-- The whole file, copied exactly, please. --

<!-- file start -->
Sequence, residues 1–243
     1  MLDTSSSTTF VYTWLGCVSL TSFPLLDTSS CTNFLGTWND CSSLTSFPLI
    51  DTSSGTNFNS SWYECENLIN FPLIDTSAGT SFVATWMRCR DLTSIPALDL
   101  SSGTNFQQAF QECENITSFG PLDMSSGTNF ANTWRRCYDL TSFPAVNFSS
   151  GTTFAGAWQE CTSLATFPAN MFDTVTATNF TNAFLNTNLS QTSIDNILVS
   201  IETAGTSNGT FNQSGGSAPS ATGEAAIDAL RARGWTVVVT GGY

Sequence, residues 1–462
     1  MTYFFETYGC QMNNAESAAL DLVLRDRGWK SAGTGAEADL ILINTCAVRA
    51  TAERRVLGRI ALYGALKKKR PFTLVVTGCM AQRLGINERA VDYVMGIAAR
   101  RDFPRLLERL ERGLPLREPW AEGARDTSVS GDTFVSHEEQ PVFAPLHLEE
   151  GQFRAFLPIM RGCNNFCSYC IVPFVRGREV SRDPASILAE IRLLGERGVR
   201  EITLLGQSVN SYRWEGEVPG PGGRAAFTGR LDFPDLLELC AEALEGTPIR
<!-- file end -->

Sequence, residues 1–243
     1  MLDTSSSTTF VYTWLGCVSL TSFPLLDTSS CTNFLGTWND CSSLTSFPLI
    51  DTSSGTNFNS SWYECENLIN FPLIDTSAGT SFVATWMRCR DLTSIPALDL
   101  SSGTNFQQAF QECENITSFG PLDMSSGTNF ANTWRRCYDL TSFPAVNFSS
   151  GTTFAGAWQE CTSLATFPAN MFDTVTATNF TNAFLNTNLS QTSIDNILVS
   201  IETAGTSNGT FNQSGGSAPS ATGEAAIDAL RARGWTVVVT GGY

Sequence, residues 1–462
     1  MTYFFETYGC QMNNAESAAL DLVLRDRGWK SAGTGAEADL ILINTCAVRA
    51  TAERRVLGRI ALYGALKKKR PFTLVVTGCM AQRLGINERA VDYVMGIAAR
   101  RDFPRLLERL ERGLPLREPW AEGARDTSVS GDTFVSHEEQ PVFAPLHLEE
   151  GQFRAFLPIM RGCNNFCSYC IVPFVRGREV SRDPASILAE IRLLGERGVR
   201  EITLLGQSVN SYRWEGEVPG PGGRAAFTGR LDFPDLLELC AEALEGTPIR